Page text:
Mystery GP Mercedes
London auction house, Bonhams, are shaping up to sell one of the world’s rarest and most expensive cars – the 1954 W196 (chassis 00006) MercedesBenz Grand Prix car that Juan Manuel Fangio raced to win GPs, at their Goodwood sale in July.
The experts expect a top bid of around £12 million! The car is the first of the open-wheeler post-war 1950s GP Mercs. They originally came out with fully streamlined ( Stromlinienwagen) bodywork for the 1954 French GP at Reims. Fangio and Kling finished an easy 1-2. Next race was Silverstone but Fangio got fed up with bouncing the streamliner off the marker barrels and requested the car be converted to an open-wheeler to win on the original 14.6-mile mountainous Nurburgring. Another win at Berne in Switzerland and he had won his second World Championship.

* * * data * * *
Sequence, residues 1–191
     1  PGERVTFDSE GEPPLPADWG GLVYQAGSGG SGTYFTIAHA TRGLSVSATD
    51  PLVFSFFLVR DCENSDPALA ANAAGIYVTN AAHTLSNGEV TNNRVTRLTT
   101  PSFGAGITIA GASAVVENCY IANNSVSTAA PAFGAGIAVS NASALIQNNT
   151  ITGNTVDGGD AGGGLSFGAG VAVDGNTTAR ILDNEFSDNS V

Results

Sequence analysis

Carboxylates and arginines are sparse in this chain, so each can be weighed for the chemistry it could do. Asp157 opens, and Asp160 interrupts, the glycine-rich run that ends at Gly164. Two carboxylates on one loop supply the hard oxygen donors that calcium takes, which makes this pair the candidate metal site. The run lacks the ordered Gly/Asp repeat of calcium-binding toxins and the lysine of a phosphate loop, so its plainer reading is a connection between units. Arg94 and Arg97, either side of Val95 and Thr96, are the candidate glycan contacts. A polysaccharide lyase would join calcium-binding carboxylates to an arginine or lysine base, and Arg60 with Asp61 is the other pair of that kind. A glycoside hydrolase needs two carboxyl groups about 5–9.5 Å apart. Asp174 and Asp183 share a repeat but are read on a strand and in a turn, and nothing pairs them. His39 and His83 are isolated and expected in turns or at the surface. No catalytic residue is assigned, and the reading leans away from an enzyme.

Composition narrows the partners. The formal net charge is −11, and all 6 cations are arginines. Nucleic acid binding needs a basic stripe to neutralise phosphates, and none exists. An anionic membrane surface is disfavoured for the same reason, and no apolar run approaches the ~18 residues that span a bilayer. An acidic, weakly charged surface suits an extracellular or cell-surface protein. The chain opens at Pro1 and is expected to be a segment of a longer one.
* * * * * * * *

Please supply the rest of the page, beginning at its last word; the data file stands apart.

Mystery surrounds how the famous Grand Prix Mercedes escaped the German factory museum. I gather that Mercedes presented the very special racer to Lord Montagu for his National Motor Museum at Beaulieu but there was no Moss connection... and his Lordship preferred funds to extend his museum with a library wing and lecture theatre. The Mercedes disappeared from the museum and from time to time moved quietly to a new mega-rich collector. It appeared once, raced by Willie Green in the Monaco historic races, but thereafter languished in a European warehouse, dry, dusty, misunderstood and neglected.
I guarantee it will set a new record sale price when it goes under the Bonhams gavel at Goodwood on July 12!
W196 Mercedes GP car on crowded display during its brief tenure in Lord Montagu’s National Motor Museum